Do central banks’ forecasts take into account public opinion and views?
The Federal Reserve through the Federal Open Market Committee (FOMC) regularly releases macroeconomic forecasts to the general public and the US congress with the purpose of explaining the likely evolution of the economy and the appropriate stance of monetary policy. Immediately before doing so, the FOMC receives a forecast produced by the Federal Reserve staff which remains private for five years. The literature has pointed out that, despite the informational advantage of the FOMC, its forecast differs from and is not always more accurate than the staff forecast. This finding has raised concerns regarding the loss of relevant information and the usefulness of the FOMC forecasts. This paper brings evidence that the FOMC forecast also incorporates other publicly available forecasts and views, and that the weight attributed to public forecasts is larger than what is optimal given a mean squared error objective. These findings are consistent with i) the institutional role of the FOMC in being representative of a variety of public views, ii) the academic literature recommendation to use equal weights and not to overfit specific forecasts based on past performance. The statistical model can also account for several empirical regularities of the forecasts.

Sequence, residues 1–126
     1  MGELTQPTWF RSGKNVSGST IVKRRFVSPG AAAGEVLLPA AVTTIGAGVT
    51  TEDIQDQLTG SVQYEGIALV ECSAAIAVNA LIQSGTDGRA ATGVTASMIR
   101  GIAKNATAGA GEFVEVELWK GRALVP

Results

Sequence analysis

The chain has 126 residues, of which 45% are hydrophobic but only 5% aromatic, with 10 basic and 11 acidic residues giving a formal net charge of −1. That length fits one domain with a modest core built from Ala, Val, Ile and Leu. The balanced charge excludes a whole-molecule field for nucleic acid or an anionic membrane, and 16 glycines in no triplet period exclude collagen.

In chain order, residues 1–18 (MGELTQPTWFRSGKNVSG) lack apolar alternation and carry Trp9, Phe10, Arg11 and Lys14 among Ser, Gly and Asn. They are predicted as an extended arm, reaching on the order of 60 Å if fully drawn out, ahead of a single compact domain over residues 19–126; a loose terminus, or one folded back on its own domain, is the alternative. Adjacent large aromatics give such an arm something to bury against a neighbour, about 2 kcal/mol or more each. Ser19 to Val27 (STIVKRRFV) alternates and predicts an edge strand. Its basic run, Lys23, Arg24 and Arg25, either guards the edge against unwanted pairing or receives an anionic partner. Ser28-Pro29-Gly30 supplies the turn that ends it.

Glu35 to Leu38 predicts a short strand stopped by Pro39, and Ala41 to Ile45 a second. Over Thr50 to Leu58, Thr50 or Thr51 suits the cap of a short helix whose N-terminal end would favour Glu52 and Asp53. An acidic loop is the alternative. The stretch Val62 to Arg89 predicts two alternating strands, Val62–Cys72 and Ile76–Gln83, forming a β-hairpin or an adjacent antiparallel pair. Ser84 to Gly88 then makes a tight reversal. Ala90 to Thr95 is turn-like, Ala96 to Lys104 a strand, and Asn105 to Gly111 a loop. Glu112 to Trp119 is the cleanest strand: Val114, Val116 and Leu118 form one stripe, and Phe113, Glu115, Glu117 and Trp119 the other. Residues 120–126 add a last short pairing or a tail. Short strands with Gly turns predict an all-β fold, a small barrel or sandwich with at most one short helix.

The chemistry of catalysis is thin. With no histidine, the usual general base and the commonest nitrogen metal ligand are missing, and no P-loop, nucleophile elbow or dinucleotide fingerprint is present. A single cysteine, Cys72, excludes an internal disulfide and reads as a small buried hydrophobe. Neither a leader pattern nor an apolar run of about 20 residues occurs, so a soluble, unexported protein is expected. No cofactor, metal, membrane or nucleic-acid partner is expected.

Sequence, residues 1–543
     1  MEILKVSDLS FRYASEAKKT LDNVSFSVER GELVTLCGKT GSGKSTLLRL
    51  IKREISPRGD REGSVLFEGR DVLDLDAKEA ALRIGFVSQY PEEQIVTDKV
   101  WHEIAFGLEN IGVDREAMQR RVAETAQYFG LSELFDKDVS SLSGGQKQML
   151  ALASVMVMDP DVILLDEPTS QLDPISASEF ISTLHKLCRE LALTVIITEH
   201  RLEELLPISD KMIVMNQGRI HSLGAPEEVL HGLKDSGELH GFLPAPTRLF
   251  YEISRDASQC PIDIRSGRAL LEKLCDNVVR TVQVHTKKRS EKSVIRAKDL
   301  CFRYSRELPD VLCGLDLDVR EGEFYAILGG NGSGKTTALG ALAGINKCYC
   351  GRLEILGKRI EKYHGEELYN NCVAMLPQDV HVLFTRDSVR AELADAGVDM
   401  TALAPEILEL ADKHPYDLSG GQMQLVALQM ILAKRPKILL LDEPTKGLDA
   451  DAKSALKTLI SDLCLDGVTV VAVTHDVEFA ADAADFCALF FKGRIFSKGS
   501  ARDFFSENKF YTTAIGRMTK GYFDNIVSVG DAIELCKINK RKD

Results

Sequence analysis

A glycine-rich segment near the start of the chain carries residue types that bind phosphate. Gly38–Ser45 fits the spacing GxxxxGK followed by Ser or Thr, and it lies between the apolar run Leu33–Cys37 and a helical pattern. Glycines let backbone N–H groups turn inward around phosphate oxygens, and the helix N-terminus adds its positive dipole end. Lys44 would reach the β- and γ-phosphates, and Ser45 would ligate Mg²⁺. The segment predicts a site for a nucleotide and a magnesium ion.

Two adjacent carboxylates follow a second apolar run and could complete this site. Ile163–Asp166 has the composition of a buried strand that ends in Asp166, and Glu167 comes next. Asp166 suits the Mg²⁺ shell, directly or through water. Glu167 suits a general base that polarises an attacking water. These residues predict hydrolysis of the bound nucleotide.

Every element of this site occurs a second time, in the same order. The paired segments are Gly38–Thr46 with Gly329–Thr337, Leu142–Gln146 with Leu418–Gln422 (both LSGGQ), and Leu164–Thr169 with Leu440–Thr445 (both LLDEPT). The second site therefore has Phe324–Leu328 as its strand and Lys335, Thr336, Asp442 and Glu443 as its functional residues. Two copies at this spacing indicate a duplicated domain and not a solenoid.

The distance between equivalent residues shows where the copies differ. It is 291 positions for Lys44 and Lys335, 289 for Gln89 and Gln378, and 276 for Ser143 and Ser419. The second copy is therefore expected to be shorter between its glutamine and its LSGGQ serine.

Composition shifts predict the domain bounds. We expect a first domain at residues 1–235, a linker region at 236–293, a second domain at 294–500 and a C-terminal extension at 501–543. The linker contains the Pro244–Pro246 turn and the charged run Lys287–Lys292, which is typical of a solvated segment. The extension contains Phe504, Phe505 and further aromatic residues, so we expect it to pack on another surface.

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- David Reifschneider & Peter Tulip, 2007. "Gauging the uncertainty of the economic outlook from historical forecasting errors," Finance and Economics Discussion Series 2007-60, Board of Governors of the Federal Reserve System (U.S.).
- Marcet, Albert & Sargent, Thomas J., 1989. "Convergence of least squares learning mechanisms in self-referential linear stochastic models," Journal of Economic Theory, Elsevier, vol. 48(2), pages 337-368, August.
- Faust, Jon & Wright, Jonathan H., 2009. "Comparing Greenbook and Reduced Form Forecasts Using a Large Realtime Dataset," Journal of Business & Economic Statistics, American Statistical Association, vol. 27(4), pages 468-479.
- Tootell, Geoffrey M. B., 1999. "Whose monetary policy is it anyway?," Journal of Monetary Economics, Elsevier, vol. 43(1), pages 217-235, February.
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